AMF's core rationale is the delivery of high-quality datasets to the customer, and the nature of the dataset provided by each instrument or experiment is defined clearly on the AMF web site. Core data are supplied within 2 months of the end of an experiment; the delay allows for proper quality assurance and quality control. Derived products may also be provided through discussion with the IS but these can take longer as they rely on the scientist's individual expertise. AMF is working with the community and with CEDA to develop data standards that make all our data accessible and re-usable by future users. There has been particularly close collaboration with CFARR and MSTRF in this project which puts us on the road to the merger of the three facilities in 2020.

Planned Impact

AMF impacts through direct impact by the Facility, support for the NCAS science and impact programmes, and through projects supported in the research community.

The direct impacts of AMF arise from activities including:
a) Outreach: This can be part of NCAS and NERC's overall public engagement programme, or a collaboration with partner Universities and outside charities. AMF's measurements inform the public about our science and allow us to question their understanding of key scientific concepts.
b) Training: AMF's aerosol measurement course is a partnership with TSI Inc. and accepts both commercial and academic participants. We aim to increase the provision of such courses over the next 5 years, continuing the model of working with an industrial partner.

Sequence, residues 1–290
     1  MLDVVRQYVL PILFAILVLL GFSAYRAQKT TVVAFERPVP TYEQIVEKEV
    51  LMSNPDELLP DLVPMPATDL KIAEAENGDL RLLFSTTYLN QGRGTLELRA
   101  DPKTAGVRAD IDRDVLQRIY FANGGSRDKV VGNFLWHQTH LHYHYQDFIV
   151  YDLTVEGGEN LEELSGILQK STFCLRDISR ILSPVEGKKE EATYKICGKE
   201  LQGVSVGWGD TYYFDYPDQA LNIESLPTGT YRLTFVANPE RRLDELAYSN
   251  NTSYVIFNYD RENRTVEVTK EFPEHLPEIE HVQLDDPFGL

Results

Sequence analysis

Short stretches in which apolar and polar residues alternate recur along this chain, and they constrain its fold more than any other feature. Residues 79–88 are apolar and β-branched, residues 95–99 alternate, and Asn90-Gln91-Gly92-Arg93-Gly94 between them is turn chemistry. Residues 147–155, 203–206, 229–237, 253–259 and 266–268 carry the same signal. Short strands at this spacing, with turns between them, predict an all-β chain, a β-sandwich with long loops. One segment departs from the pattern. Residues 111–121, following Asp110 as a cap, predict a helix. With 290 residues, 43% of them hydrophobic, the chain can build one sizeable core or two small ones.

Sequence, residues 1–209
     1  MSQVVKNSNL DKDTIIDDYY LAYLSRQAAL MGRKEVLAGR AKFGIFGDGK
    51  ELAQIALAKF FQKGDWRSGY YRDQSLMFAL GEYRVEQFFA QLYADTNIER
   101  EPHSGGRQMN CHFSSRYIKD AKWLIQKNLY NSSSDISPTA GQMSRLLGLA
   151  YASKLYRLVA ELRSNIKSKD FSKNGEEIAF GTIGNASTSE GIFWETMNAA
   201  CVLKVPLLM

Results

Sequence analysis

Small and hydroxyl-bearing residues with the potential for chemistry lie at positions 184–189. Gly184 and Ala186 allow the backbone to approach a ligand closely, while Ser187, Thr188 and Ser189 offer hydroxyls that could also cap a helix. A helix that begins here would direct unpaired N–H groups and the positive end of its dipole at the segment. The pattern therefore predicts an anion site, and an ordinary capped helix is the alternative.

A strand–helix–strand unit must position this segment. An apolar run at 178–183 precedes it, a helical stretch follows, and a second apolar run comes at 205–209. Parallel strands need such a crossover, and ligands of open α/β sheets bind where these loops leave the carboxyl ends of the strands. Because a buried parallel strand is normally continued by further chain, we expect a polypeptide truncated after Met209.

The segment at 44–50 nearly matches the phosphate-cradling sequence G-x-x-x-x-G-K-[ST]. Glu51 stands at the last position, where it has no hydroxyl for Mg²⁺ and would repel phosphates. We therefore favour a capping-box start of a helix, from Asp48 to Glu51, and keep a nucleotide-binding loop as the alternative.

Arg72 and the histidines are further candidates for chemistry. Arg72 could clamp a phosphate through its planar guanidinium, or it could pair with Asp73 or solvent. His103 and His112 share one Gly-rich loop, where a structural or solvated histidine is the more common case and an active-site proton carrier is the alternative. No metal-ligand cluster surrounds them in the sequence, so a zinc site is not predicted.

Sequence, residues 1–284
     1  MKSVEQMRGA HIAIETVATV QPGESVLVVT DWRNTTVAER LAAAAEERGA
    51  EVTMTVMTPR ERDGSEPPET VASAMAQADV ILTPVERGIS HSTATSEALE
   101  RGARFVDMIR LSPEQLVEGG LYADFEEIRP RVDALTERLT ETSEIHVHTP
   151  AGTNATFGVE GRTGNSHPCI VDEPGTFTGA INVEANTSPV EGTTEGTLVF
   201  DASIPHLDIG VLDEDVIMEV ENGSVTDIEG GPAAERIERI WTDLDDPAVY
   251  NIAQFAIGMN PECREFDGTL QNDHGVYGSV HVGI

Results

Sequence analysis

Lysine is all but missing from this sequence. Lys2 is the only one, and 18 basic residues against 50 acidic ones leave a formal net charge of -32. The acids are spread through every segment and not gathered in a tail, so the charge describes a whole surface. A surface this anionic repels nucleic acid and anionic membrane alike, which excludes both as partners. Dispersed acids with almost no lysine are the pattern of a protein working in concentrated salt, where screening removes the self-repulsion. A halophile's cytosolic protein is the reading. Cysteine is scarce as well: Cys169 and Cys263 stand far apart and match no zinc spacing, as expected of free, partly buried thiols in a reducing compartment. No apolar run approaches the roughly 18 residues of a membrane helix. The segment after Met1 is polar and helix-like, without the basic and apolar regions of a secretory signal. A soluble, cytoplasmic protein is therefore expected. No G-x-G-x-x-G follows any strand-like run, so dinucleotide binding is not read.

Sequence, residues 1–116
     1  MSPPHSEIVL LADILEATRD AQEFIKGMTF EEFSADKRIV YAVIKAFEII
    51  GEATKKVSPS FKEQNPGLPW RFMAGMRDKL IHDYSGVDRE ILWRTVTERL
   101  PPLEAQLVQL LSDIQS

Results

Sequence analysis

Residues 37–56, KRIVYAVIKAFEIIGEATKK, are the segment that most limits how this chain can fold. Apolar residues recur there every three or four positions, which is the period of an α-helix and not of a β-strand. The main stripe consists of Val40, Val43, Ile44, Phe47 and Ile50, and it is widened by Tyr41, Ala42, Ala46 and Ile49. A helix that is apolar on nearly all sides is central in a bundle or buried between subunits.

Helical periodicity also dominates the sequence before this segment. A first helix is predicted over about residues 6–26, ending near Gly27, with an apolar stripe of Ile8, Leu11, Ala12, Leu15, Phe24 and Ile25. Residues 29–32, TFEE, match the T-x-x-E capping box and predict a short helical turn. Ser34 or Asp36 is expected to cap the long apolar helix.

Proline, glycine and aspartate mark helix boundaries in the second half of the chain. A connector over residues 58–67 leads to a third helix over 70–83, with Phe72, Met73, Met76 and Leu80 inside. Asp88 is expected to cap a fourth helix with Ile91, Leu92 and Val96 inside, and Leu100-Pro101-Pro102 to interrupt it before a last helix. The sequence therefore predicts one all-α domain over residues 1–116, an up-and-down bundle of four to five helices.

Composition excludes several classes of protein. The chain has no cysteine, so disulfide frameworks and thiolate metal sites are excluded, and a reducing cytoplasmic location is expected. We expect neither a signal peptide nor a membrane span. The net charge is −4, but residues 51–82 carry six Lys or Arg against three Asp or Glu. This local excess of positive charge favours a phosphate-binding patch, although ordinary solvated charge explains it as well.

c) Provision of data from our instruments: For example, the AMF wind profiler is based in Cardington or Capel Dewi between campaigns, and its data provided to the Met Office for use in forecasting while measurements from the Iceland Atmospheric Observatory provide observations of volcanic ash for the Icelandic Met Office (with whom NCAS has a Memorandum of Understanding) and the London VAAC (Volcanic Ash Advisory Centre) based at the Met Office.
d) Deployment of AMF equipment for commercial customers: Although carried out on a commercial basis, such deployments result in AMF's expertise being transferred to the benefit of the customer. AMF only has limited capacity to support such deployments but we anticipate roughly one a year if past trends continue. Recent examples are the deployment of the X band radar to Lossiemouth for the Scottish Environmental Protection Agency, and of the radar wind profiler to Heathrow in support of a Met Office project for better fog forecasting.
e) Access to AMF field sites and calibration sites to commercial organisations. Over the course of the next 5 years AMF calibration facilities will work towards obtaining UKAS certification as government accredited calibration facilities.